food art

Tomomi Maruo is a Japanese food artist who specializes in “charaben”, which is the art of creating bento box meals representing kid’s TV show characters. [click to continue…]

In recent years, Umino Seaweed and international ad agency I&S BBDO joined forces in order to give sushi a new level of artistry. [click to continue…]


When she’s not designing large scale structures,  Romanian architect Ioana Vanc enjoys using various foods to create tiny portraits on metal spoons. These small sculptures are layered for a multi-dimensional scene while her choice of food mediums create amazing textures. Her subjects range from Batman and Kermit to intricate wildlife scenes.

No matter the scale or medium, Ioana is truly an artist. Take a look at more of her work after the break. 

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food cubes

Food as art goes to a new level with this project by Dutch artists Lernert and Sander. The duo cut raw food into 98 individual 2.5 x 2.5 x 2.5 cm cubes for a food-themed documentary photography special for the Dutch newspaper de Volkskrant.

If you’re a perfectionist, it’s very satisfying to look at.

See how many foods you can identify after the break.

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pixel waffle 1

Would you like to have some food art with your waffles? That’s what Quirky user Chunder has developed with Pixel. The waffle iron comes with a silicone pattern tray that fits over the metal portion of the iron. You can create a custom pixelated design on your waffles by pushing in different squares on the silicone tray. Hearts, flowers, words – it’s up to you! The tray is only under consideration right now, but if it’s actually made, I’m sure users will share free waffle patterns to use with it.

See more photos of the waffle iron after the break.

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Wow, doesn’t that cereal look tasty… wait… those are Lego swimming in turpentine. I’ll pass thank you.

Australian photographer T.Q. Lee likes to recreate his favorite dishes using non-edible items for his appropriately named series, “Inedible”. Lee told Mashable that, “[The] series is both a fun visual pun and a comment on the artificial nature of convenience food.” He used a variety of unusual and sometimes thought-provoking ingredients to make his dishes, including tire rubber, Lego bricks, hazardous chemicals, sponges and, yes, even his own urine. The photos are meant to mimic the kinds of food pics that pop up on billboards and on Instagram daily. “There certainly appears to be a growing objectification even fetishism surrounding food — the idea of shooting before you eat, has become almost a custom,” said Lee.

Check out some more fake food pics after the break…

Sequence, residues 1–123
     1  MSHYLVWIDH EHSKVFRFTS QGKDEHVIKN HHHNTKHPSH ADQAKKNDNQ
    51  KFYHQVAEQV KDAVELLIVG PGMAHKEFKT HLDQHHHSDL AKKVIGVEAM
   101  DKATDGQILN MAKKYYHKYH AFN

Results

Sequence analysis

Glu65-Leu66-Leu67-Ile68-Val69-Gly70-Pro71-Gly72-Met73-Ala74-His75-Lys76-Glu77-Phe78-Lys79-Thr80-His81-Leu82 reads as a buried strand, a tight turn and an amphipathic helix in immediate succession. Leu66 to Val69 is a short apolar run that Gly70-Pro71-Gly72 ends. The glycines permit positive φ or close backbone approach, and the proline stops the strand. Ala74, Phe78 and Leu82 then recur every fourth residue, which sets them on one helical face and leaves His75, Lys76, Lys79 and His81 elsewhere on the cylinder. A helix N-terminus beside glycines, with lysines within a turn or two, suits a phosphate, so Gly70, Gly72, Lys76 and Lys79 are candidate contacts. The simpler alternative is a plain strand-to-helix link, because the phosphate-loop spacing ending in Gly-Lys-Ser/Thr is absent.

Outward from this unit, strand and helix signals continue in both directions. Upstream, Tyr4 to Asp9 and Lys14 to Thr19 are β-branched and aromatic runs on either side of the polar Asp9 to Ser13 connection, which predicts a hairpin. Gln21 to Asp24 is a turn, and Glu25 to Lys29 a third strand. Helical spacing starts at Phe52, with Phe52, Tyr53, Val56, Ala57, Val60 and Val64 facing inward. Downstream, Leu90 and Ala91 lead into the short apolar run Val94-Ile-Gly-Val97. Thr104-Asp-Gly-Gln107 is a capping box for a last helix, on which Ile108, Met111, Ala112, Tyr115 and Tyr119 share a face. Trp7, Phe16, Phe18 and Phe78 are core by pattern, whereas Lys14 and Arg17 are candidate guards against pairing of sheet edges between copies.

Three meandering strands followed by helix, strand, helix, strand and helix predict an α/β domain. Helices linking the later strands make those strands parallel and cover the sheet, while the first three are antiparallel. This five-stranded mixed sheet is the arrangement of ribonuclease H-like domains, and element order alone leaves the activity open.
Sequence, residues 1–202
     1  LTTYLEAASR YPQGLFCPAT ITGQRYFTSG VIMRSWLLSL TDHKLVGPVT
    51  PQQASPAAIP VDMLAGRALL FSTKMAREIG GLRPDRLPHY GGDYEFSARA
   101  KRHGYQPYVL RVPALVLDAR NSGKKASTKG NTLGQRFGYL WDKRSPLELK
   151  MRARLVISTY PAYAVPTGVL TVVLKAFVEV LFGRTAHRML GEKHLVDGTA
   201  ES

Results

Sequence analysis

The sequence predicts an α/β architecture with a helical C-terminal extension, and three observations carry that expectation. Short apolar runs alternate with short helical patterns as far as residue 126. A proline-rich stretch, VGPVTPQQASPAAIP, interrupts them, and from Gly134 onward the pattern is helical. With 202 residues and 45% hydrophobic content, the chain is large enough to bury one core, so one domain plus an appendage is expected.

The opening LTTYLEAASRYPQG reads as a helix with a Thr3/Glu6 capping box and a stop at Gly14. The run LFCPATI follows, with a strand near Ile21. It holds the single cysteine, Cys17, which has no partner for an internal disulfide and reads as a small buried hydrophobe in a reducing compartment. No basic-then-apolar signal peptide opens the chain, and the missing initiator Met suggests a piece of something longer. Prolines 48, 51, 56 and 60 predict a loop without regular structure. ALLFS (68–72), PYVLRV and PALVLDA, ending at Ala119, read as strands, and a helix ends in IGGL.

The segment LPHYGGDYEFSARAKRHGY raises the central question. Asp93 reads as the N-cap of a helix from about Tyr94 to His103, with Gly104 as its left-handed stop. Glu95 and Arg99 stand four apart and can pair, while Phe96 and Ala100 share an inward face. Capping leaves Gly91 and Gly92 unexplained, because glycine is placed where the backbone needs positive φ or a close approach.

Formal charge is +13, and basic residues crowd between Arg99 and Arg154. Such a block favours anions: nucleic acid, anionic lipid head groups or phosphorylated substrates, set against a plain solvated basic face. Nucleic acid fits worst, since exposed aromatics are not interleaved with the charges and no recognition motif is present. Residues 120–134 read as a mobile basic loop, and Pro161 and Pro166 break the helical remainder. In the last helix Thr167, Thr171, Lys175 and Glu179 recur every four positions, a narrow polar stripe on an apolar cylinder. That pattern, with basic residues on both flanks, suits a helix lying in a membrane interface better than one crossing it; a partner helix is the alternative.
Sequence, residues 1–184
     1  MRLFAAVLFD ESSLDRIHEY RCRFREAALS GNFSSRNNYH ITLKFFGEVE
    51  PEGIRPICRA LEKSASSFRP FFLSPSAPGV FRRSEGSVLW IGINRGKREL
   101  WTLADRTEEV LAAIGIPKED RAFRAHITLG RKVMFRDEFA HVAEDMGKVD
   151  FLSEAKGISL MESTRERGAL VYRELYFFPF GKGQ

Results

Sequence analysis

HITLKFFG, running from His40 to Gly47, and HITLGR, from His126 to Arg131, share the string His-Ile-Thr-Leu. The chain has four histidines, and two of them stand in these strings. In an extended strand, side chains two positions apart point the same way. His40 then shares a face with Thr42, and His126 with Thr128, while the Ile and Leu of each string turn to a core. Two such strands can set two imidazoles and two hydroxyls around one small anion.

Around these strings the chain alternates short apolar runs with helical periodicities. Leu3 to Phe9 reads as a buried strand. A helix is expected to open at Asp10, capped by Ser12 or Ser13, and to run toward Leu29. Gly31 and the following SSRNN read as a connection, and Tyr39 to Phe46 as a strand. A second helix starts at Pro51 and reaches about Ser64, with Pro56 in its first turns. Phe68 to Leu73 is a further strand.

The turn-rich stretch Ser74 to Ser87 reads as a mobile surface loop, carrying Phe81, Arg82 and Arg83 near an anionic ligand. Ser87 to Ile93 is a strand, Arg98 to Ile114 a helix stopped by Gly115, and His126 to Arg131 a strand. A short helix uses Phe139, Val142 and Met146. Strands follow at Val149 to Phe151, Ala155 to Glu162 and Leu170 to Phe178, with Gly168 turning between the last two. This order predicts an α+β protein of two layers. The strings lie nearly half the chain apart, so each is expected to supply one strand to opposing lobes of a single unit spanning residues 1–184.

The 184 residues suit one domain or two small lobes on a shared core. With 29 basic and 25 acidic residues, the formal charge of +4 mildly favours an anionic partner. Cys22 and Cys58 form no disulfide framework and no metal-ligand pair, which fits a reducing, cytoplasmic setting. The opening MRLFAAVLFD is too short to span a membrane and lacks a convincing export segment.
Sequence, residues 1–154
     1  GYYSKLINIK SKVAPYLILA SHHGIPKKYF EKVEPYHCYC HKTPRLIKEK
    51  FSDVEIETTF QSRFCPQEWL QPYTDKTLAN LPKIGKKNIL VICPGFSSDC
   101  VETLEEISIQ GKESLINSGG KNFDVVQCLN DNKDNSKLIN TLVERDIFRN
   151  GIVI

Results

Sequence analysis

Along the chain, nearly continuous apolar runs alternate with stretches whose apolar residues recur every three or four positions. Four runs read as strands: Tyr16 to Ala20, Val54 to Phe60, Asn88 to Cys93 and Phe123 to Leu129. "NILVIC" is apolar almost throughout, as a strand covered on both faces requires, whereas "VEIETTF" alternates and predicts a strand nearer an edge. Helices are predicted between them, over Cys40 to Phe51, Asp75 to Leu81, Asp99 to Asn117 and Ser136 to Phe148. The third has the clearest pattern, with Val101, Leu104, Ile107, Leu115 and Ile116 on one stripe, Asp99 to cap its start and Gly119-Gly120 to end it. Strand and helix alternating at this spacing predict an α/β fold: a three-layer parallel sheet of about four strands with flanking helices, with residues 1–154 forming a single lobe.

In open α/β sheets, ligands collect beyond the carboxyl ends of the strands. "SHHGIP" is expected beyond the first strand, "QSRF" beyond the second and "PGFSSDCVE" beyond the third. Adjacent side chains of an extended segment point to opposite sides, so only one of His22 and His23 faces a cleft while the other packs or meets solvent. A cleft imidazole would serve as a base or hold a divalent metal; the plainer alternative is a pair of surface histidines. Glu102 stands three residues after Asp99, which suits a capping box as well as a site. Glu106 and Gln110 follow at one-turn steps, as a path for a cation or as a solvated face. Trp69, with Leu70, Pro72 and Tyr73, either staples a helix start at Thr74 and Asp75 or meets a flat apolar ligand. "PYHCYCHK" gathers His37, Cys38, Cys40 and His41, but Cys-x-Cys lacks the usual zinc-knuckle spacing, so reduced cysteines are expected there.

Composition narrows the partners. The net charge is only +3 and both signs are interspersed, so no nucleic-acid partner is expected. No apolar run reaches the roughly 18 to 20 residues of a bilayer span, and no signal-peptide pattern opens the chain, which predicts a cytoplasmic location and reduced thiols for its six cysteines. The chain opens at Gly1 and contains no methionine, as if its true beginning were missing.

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cheetos art 1

When you look at Cheetos, you may see a blob covered with cheese-flavored powder. Instagram user cheesecurlsofinstagram doesn’t just see the food as a snack though, he or she finds art. The Instagrammer keeps an eye out for Cheetos that resemble people or objects and curates them in a gallery. There are cheese curls that look like seahorses, people evolving, people getting executed, and so on. No word on whether the Cheetos are devoured after their moment in the spotlight or if they’re kept for posterity.

View more of the messy art after the break.

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waffle cone monster

Food that looks scary can still be sugary and delicious. Baker Christine McConnell proves it with her desserts that look like monsters but are made from cookies, caramel, short bread, chocolate, and other sweets. While I’m a little grossed out by her creations, I can appreciate the artistry involved. The above waffle cone filled with deadly biting plants is my favorite but the sugar cookie facehuggers come in at a close second.

See a gallery of McConnell’s creations after the break.

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Minions Food Art

We’re no strangers to the fantastic and creative food art by Samantha Lee. She’s turned her kids’ food into Harry Potter, Totoro, and now, a Minion! One of the little guys from Despicable Me is the latest addition to her edible gallery. I believe his body was made from egg and that he has cheese for arms and eyes. He looks delicious!

(via Instagram)


Gabriel Nkweti Lafitte, a Starbucks barista, transforms average Starbucks cups into brilliant works of art. He creates these intricately designed illustrations for people he’s served during his spare time. His cups are on display inside the Starbucks near the British Museum in London, and he receives daily requests from fans. Amazingly, his pieces sometimes take up to 40 hours to finish. In regards to why he does it, he told Metro: “I love seeing people’s reaction to my drawings. I enjoy the joy and surprise on their faces.”

Check out some more pics of his cups after the break…

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